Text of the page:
Rooms with benefitsLike Premier Inn, Travelodge also offers the services of a dedicated account manager to holders of its new business account card, which was launched last year. “This offers a range of benefits,” says director of communications Shakila Ahmed, citing a track-and-control expenditure tool, room allocation on quieter business floors and a guaranteed 5 per cent off flexible rate bookings.
Six weeks’ interest-free credit is offered for food and wifi as well as rooms, and, as with Premier Inn, the business account, and the credit that comes with it, is free of charge. Bespoke deals are also promised to corporate clients.
However many tools a hotel chain offers free through its business booking platforms, it will never be able to offer the wider choice available through a TMC, which combs the market through an aggregator.
“We look at offers from websites, such as Laterooms, as well as hotel corporate rates. We sometimes find those corporate rates are not the lowest on offer,” says Chris Vance, director of operations at Click Travel. “For example, great rates may suddenly become available at a hotel that has had a cancellation and has a lot of rooms to fill at short notice.”
Click Travel claims to offer unparalleled control through its travel.cloud system, even when travellers make their own bookings. “A traffic light system shows preferred hotels in green, hotels which are not preferred but still comply with policy in amber, and those which do not comply in red,” explains Vance.
The fact TMCs can direct employees to preferred brands with which a client may have previously nurtured a relationship, and take all the headache out of travel procurement by also booking transportation, makes them a no-brainer, they say, for clients such as the Guide Dogs Association for the Blind, which found procuring travel direct a distinct headache.
“Hotel bookings were previously secured in a variety of ways, including company payment cards, personal payment cards, expenses and bill back,” says Chris Mabbatt, procurement business partner for Guide Dogs. “Not only was this inefficient and labour intensive, it meant we weren’t getting the best value for money or the management information required to maximise the cost-saving potential.”
The association chose to start booking through Click Travel, he explains, “as it gives us access to live availability for more than one million hotels and a full bill-back solution that includes budget chains, such as Premier Inn and Travelodge.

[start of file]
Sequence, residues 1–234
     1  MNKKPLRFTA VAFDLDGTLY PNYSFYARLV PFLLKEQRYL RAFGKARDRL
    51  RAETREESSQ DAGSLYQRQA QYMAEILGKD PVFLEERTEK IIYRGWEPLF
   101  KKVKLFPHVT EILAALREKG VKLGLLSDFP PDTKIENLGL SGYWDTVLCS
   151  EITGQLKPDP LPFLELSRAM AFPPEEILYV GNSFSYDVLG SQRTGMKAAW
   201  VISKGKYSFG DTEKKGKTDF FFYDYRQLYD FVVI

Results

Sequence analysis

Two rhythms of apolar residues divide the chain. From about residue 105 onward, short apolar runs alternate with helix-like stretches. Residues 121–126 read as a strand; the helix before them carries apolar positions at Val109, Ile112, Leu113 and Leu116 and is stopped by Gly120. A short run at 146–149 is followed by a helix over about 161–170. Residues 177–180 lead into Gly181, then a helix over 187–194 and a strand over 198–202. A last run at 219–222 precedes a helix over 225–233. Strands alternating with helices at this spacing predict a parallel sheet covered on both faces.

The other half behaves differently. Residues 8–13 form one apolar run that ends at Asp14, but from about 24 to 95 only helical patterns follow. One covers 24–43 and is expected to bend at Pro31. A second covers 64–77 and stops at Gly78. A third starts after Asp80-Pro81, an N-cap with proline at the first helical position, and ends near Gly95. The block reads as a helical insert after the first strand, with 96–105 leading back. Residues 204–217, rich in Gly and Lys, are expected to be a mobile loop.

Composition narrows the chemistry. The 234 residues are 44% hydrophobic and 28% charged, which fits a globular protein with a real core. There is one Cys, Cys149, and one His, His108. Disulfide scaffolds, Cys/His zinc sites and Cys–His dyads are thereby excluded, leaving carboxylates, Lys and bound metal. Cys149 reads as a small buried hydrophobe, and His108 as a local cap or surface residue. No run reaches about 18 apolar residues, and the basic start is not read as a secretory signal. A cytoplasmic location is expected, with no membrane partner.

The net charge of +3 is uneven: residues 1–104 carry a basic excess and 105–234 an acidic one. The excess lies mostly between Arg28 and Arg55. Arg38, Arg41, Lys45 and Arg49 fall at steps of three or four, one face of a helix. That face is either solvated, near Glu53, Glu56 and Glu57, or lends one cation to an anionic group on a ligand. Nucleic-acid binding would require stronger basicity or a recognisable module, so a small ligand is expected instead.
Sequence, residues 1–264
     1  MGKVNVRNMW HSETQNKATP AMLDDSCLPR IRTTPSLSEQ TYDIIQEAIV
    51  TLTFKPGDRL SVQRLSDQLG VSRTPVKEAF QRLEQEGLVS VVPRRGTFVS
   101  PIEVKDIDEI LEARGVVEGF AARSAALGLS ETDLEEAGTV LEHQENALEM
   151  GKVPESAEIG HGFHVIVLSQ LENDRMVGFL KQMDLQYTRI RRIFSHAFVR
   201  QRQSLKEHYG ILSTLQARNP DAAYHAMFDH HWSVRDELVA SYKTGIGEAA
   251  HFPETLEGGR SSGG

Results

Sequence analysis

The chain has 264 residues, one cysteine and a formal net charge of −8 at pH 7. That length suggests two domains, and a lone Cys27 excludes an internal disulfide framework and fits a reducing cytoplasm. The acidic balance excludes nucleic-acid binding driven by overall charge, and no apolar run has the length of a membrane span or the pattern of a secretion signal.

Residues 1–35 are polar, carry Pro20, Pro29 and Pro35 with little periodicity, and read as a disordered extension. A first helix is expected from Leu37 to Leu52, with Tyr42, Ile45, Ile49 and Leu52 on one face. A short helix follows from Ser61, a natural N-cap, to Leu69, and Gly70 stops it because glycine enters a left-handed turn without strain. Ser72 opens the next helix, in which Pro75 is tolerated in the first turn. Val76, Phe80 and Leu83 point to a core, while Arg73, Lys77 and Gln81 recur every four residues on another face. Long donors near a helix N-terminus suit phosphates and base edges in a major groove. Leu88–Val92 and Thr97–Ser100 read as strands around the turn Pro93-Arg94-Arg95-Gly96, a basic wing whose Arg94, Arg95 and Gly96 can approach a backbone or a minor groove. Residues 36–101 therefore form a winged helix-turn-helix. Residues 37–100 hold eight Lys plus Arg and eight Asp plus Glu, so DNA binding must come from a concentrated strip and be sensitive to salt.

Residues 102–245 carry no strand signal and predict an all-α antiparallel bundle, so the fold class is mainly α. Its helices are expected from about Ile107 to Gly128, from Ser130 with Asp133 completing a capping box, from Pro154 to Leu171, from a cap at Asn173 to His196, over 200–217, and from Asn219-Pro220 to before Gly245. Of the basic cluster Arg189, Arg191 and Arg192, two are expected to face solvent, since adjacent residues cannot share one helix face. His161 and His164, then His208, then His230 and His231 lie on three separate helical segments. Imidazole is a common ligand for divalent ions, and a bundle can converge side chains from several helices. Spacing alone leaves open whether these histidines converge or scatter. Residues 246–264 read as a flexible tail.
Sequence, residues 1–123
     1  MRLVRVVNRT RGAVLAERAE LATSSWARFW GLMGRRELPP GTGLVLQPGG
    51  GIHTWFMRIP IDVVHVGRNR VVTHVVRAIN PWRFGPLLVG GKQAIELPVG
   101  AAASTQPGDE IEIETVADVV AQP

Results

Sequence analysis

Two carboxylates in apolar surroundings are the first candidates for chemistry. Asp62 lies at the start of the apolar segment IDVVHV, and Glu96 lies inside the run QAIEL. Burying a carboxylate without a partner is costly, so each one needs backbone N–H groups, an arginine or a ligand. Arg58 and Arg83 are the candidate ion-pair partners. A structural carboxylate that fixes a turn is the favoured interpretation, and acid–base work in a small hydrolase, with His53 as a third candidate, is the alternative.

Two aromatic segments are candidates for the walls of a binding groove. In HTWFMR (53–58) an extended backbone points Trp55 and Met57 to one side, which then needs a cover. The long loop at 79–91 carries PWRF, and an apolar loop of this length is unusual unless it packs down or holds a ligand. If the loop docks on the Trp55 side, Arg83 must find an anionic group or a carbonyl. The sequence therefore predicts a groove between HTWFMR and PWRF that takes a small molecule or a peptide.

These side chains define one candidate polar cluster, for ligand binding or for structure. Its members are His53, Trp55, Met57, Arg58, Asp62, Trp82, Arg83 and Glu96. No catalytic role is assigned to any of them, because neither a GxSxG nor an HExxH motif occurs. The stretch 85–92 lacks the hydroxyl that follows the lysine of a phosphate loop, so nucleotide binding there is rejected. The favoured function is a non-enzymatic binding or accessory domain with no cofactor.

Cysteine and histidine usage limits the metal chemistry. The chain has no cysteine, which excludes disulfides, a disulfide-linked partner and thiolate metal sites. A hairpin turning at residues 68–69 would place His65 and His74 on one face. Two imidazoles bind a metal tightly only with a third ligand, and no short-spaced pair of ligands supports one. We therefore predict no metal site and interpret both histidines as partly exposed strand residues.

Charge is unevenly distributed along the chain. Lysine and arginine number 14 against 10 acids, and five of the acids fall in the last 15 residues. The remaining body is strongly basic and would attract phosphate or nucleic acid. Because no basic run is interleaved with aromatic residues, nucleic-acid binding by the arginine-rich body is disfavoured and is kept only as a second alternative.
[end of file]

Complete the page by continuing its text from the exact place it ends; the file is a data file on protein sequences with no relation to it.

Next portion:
“Making our bookings this way provides us with real-time, detailed management information and reporting options, which enable us to make informed decisions about our staff travel.” Add to that buying power that a small or medium-size business could not expect to achieve on its own account, explains Mabbatt.
Holding on to directWith TMCs allowing clients to specify preferred chains, hotels are not necessarily losing out when a travel manager chooses not to book direct and widen the net, but they are not giving up easily on their direct business. Hilton, which offers a variety of perks, including loyalty points, through its Honors programme, launched a campaign featuring Pitch Perfect star Anna Kendrick, its first celebrity talent, to encourage travellers and travel buyers alike to book direct.
“We want our guests to focus on the purpose of their travel, and not be stressed by shopping around for the best price for their hotel room or wondering if they’re getting all possible perks,” says Jon Witter, chief customer officer at Hilton.
The company is putting its money where its mouth is, not only guaranteeing a pricematch if those booking through one of the official Hilton sites spot a better rate elsewhere, but discounting the matched rate by a further 25 per cent. An additional incentive to book direct through the Honors loyalty programme is the ability to pre-select rooms from a digital floor plan, have a room key waiting at reception and order extra pillows or a snack to be in their room on arrival.
There is also the benefit of accumulating points towards free nights for leisure stays at any property within the group, only available through the Honors programme. “In the last year, guests who booked through an online travel agent or other travel site missed out on 15 million free nights on top of other benefits they would have received,” claims Hilton chief commercial officer Chris Silcock.
Pillows and other perks that personalise the hotel experience, may be as important to the traveller as pricing to their travel buyer. Hotels are increasingly aware that corporates are delegating the choice of lodgings to their travellers. “Through our OBT we direct travellers to our preferred hotels,” says Npower’s McQuade, “but ultimately it is their decision where they stay.”